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A 6,000 word short story (approximately 40 pages in paper).

Think you’re smart enough to survive on the Moon? So did Kenneth…

Kenneth Morgan is a young man who took Lunar Survival School on a lark. He knows he’s smarter than the grunts in his class, smarter than his instructors even… smart enough to handle anything Luna can throw at him.

Luna is about to teach him a lesson in humility…

This one started a little differently for me. Usually my Old Town Tales start with a character “talking” to me about his or her life or work on the Moon. With this one, though, I wasn’t sure what to write. I knew I wanted to tell an Old Town Tale, but I had no guess who the protagonist was, nor what his crisis would be. So instead, I thought about things that could go wrong that might make for an interesting story. And the first thing I thought of, naturally, was a story about the risks of vacuum. But then immediately I heard the following words in my head:

Look, what you don’t want to hear is another vacuum story.

Oh, we’ve got plenty of them here in the Old Town. They’re older than this bar, older than Tycho Under, older even than space travel. They’re our essential folklore, as my old lit prof called it: tales that teach you how to survive in your culture. The most important lesson on Luna is: keep your vacuum on one side, and you and your air on the other. So our essential folklore includes lots of variations of How I Almost Breathed Vacuum or They Screwed Up, and So They Breathed Vacuum.

But you’ve heard them all before. You could tell me all the same stories. So while I may spin you a tale now and then, the one thing I promise I’m not gonna tell you is another vacuum story. Ever.

And with that, I had made myself a promise: vacuum stories go back before Asimov and Heinlein; so unless I have something new to add, I would not tell another vacuum story!

But then before I could even stop and think, the voice in my head kept going:

But sit down, order a drink, and I’ll give you something different. Let me tell you how a young smart ass—OK, it was me, back when I was younger and more of a smart ass than I am today—got in trouble from too much air.

And with that, I met Kenneth Morgan, the not-so-young, not-so-smart ass who was telling me his story. And I honestly had no idea what that line meant. I had to write the story to find out!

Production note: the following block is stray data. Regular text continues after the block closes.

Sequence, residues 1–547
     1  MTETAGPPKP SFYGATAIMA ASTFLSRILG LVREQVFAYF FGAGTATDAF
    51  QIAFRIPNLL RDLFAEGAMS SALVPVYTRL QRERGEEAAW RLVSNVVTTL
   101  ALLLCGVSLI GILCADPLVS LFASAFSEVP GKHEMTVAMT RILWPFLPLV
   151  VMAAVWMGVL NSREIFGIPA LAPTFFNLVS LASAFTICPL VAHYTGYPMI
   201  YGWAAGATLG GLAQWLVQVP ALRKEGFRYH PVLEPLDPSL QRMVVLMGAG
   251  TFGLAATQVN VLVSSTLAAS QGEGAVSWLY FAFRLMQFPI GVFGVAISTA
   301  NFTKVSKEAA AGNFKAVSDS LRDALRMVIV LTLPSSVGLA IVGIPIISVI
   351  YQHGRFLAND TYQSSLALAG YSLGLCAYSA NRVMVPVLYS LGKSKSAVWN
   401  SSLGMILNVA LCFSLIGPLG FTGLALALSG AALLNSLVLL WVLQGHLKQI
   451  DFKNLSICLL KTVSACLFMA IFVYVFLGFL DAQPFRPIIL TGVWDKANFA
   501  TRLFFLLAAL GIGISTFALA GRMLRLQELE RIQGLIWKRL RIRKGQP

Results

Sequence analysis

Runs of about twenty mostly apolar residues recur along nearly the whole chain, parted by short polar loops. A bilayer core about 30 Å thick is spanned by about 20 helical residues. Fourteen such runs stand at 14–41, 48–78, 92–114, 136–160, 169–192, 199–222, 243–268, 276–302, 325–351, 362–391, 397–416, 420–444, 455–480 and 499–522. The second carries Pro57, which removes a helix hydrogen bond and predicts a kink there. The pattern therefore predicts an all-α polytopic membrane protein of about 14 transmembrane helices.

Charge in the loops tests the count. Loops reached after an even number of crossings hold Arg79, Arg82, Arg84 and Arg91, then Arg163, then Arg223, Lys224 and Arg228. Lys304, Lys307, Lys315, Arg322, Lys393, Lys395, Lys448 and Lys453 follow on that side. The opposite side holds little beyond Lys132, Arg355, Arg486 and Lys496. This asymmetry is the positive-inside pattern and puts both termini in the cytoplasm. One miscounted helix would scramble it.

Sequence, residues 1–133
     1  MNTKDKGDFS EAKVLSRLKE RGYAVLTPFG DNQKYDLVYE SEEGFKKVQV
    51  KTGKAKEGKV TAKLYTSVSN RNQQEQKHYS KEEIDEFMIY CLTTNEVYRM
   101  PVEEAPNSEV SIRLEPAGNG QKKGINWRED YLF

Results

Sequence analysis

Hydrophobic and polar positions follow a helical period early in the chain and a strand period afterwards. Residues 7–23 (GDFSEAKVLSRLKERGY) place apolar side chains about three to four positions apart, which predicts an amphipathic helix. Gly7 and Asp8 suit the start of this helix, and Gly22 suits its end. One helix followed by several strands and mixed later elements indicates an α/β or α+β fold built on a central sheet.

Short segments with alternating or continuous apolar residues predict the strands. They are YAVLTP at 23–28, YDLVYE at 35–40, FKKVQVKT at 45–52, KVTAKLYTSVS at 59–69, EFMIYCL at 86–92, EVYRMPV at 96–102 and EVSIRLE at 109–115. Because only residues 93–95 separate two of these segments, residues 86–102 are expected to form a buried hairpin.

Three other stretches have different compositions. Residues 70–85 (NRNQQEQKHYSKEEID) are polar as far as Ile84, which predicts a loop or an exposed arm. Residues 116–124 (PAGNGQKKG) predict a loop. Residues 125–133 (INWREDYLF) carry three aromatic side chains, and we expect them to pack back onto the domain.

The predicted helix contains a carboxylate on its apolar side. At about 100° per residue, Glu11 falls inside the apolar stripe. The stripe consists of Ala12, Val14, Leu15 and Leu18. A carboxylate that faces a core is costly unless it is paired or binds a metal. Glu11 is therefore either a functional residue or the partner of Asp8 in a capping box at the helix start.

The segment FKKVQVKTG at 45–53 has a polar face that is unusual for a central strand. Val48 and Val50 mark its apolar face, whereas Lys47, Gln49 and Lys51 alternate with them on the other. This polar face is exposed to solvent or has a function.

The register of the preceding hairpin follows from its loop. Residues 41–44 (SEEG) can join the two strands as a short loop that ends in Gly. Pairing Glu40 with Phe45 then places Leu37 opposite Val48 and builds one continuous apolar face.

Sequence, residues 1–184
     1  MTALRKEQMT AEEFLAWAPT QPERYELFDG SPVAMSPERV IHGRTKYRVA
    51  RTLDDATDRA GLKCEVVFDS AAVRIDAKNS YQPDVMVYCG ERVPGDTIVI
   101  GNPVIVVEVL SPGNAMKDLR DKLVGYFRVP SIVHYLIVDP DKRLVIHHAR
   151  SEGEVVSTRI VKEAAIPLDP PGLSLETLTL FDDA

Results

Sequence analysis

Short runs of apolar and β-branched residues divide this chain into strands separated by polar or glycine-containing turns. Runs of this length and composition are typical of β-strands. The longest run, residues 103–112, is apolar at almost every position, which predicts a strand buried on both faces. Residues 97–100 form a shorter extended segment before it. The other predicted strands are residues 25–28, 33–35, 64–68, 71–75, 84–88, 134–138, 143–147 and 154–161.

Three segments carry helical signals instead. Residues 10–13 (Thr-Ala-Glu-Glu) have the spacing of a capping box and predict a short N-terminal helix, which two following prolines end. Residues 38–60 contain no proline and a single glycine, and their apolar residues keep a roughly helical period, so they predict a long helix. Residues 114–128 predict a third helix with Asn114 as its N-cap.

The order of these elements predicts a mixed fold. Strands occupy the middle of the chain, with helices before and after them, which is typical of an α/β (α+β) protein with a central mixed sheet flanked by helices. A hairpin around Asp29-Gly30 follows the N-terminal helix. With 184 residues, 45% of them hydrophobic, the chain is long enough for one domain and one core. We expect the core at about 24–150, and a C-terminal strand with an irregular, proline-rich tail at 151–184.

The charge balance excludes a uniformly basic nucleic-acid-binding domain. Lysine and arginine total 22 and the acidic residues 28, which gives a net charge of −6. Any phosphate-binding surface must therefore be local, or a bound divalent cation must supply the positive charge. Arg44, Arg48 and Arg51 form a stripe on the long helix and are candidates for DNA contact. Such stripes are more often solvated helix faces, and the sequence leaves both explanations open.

From there, I needed to know more about Kenneth. And the first thing I knew was: he was alive to tell his story. This is a constant problem with first-person past-tense narratives: unless you’re going to pull a ghost story trick (I’m lookin’ at you, Piers Anthony!) or unless you’re going to add a postscript telling how the protagonist died and left behind this record (and the motif of Old Town Tales is a living narrator), the reader knows the narrator will survive. Oh, anyone else is fair game (unless they’re also mentioned in the present tense), but the narrator survives.

So that left me with a problem: what could threaten Kenneth enough to add jeopardy to the story even though the reader knows he will survive? And after thinking about it for a while, I struck upon an idea: embarrassment. Humiliation. I needed something that young Kenneth would not long live down.

And that told me about young Kenneth’s personality: he was a cocksure type, and he was heading for his comeuppance. I wanted the reader to be torn between rooting for him to succeed and gloating when he gets hoist by his own petard. I leave it to the reader to decide how I did at that.

That realization also led me directly to Kenneth’s antagonist: Sergeant Armand Fontes. I needed someone in a superior position over Kenneth, someone who would ride him and laugh at him and make the embarrassment worse. And in particular, I needed someone whom Kenneth would go to any length to prove him wrong. So Fontes was born, a drill sergeant in the Lunar Defense Reserves and Lead Instructor at Lunar Survival School. I only saw a little of Fontes, but I really came to like him. I think he’ll return in Eliza’s next story.

This story originally appeared in paper in The Glass Parachute.

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